Once you reach the Cape Bryon Lighthouse, you’ll look down on Tallow Beach in the south. A huge expanse of pristine white sand as far as the eye can see, Tallow is twice the size of Main Beach and often empty outside of school holidays, bar a few fishermen and surfers. If you want that whole-beach-to-yourself feeling, take an early morning stroll along Tallow before others turn up to take advantage of this 6.5km stretch of glorious, untouched beach. Just to note however, the beach is unpatrolled so opt for another of Byron’s beaches for a safer swim.
4) Cairns, QLD
No, this isn't a beach, but it's the closest cool off option Cairns has to offer. A man-made lagoon with real sand and plenty of green parkland to lay your beach towel, this is Cairns' practical beach alternative. Looking out past Cairns Esplanade, you'll see why this big lagoon was built. When the tide is high, the water comes right to the shorefront boardwalks, and when the tide is out, Cairns is more mud flat than sandy beach. Luckily, Cairns is the biggest and best launch pad to one of the seven natural wonders of the world – the Great Barrier Reef.
What Cairns lacks in the way of sand and sea is made up tenfold by the beaches in its northern suburbs. There are plenty to choose from; Trinity Beach, Yorkeys Knob with its lovely marina, but we've chosen the picturesque, palm-fringed shores of Palm Cove. It's as pretty as the name sounds. White sand, bath-warm water reaching temperatures of 30 degrees in summer months (October to March) and not a blue plastic sunbed in sight. Palm Cove is a small community with luxury resorts, boutique hotels and family accommodation options, along with a Thai, Italian, Greek, Indian and a variety of other restaurants to choose from. If you're looking for some peace and quiet, Palm Cove is the perfect beach getaway.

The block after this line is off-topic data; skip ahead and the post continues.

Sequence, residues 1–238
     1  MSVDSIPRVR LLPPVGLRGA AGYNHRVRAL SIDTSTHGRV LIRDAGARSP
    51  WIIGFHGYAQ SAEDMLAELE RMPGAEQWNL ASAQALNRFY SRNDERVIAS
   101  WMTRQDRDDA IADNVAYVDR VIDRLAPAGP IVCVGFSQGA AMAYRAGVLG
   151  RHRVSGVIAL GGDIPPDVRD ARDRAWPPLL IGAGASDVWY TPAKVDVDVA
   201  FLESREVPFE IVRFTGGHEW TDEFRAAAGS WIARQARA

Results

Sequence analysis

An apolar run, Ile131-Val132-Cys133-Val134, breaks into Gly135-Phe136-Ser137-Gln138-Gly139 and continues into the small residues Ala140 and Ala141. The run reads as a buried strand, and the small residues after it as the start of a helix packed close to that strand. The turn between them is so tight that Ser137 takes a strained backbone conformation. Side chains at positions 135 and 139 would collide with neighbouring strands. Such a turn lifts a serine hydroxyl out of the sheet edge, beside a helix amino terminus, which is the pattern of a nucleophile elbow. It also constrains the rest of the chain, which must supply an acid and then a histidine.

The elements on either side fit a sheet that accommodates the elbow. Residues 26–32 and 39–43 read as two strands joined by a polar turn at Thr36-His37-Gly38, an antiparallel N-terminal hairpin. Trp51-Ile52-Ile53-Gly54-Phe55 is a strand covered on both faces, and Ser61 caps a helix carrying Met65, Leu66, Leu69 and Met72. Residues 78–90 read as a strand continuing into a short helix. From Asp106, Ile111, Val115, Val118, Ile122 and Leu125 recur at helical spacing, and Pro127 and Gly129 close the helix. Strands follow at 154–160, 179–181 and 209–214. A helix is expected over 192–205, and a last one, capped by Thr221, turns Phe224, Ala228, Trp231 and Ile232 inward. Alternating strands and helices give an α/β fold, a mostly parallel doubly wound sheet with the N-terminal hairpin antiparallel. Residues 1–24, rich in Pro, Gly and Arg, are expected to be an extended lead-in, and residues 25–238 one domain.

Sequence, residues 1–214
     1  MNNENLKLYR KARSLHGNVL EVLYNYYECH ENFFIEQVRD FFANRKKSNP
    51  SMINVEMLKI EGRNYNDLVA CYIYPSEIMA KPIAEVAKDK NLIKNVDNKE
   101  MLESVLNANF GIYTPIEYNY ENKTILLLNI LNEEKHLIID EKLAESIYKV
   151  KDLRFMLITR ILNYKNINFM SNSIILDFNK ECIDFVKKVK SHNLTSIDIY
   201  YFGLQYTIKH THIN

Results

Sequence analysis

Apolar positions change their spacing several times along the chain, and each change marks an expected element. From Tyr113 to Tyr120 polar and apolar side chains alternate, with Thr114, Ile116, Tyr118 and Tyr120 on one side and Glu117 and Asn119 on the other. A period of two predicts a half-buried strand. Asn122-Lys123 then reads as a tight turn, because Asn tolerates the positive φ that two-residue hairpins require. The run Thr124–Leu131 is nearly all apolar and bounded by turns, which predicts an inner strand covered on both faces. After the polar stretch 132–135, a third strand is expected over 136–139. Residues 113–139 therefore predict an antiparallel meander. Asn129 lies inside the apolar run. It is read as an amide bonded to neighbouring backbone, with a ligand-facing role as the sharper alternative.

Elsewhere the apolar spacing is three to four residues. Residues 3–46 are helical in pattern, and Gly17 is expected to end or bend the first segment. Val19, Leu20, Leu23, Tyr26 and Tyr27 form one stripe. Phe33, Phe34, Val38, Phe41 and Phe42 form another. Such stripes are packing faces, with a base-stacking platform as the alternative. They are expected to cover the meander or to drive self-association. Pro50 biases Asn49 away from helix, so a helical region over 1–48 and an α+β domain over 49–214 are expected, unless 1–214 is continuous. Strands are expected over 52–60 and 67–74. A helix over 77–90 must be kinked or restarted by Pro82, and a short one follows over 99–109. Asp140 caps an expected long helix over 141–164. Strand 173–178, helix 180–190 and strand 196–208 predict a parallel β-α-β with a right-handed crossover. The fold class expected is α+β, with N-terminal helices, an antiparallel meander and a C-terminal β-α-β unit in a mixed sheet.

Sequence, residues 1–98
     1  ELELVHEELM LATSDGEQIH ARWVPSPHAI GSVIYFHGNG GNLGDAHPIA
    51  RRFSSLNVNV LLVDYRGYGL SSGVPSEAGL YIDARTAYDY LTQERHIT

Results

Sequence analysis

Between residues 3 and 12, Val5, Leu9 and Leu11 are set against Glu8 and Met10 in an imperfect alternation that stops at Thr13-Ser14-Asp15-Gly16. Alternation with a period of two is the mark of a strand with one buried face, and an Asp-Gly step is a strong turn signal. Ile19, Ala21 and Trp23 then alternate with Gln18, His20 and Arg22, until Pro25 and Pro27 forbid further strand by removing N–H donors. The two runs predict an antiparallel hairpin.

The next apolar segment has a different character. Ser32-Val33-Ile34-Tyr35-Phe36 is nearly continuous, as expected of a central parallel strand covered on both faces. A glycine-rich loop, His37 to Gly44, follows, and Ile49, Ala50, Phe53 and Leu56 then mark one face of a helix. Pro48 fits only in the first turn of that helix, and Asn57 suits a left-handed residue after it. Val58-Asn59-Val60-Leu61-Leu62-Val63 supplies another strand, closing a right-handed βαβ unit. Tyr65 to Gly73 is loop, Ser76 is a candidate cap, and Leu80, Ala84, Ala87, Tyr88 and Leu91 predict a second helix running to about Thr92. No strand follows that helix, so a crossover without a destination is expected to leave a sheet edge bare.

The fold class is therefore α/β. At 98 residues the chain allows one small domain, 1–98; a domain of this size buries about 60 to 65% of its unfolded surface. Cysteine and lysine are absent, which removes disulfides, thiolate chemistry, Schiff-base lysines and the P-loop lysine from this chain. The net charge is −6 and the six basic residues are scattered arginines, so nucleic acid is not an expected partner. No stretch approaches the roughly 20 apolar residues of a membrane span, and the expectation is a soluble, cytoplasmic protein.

5) Perth, WA
As far as city beaches go, Cottesloe in Perth is pretty impressive. It’s clean, safe and has lots of shade from the surrounding pine trees. Just 15 minutes from the city, Cottesloe has all the amenities you need and plenty of food and drink options. Parking can pose a problem however, so arrive early or roll up after the day crowd has gone to enjoy the spectacular sunset against the Indian Ocean. As you watch the sun go down, enjoy a cold beer and sharing platter at the Cottesloe Beach Hotel’s Verandah Bar – the perfect beachside combo.
During the day, head to Scarborough Beach further up the coast from Perth. Crisp white sand and turquoise water, Scarborough is another of Perth’s beautiful beaches. Another 15-minute drive north is Sorrento Beach with its quiet, calm atmosphere and continuing up the beach you come to Hillary's Boat Harbour and Marina – a hub for shopping, eating and other entertainment venues including a waterpark and aquarium. With over 60 shops and dining outlets, Sorrento Quay Boardwalk is the perfect place to get out of the midday sun.
6) Melbourne, VIC
St Kilda Beach
A short tram ride from the city centre, St Kilda is Melbourne’s beachside playground – especially when the sun is shining. Join the walkers, runners and cyclists on the busy foreshore, jump on a ride at Luna Park – a carnival-esque theme park, or wander along the historic St Kilda Pier. Keep an eye out for little penguins at the St Kilda Breakwater, and the Sunday St Kilda Esplanade Market is the place for picking up trinkets to take home. With so much to do and see in the area, you probably won’t even spend much time on the beach itself!
Dendy Street Beach (or Brighton Beach)
Slightly south of St Kilda, you’ll find the more relaxed, up-market beach suburb of Brighton where the 82 distinctive bathing boxes of Dendy Street Beach are quite the seaside sensation. Thought to be built in the 1860’s, this procession of colourful beach huts are one of Melbourne’s most iconic beach features. On a clear day, their colours really stand out against the blue sky and white sand, and with Melbourne’s skyline in the background, they make for great photo opportunities.
So wherever you go in Australia, why limit yourself to just one sandy spot when there’s thousands of stunning beaches to discover?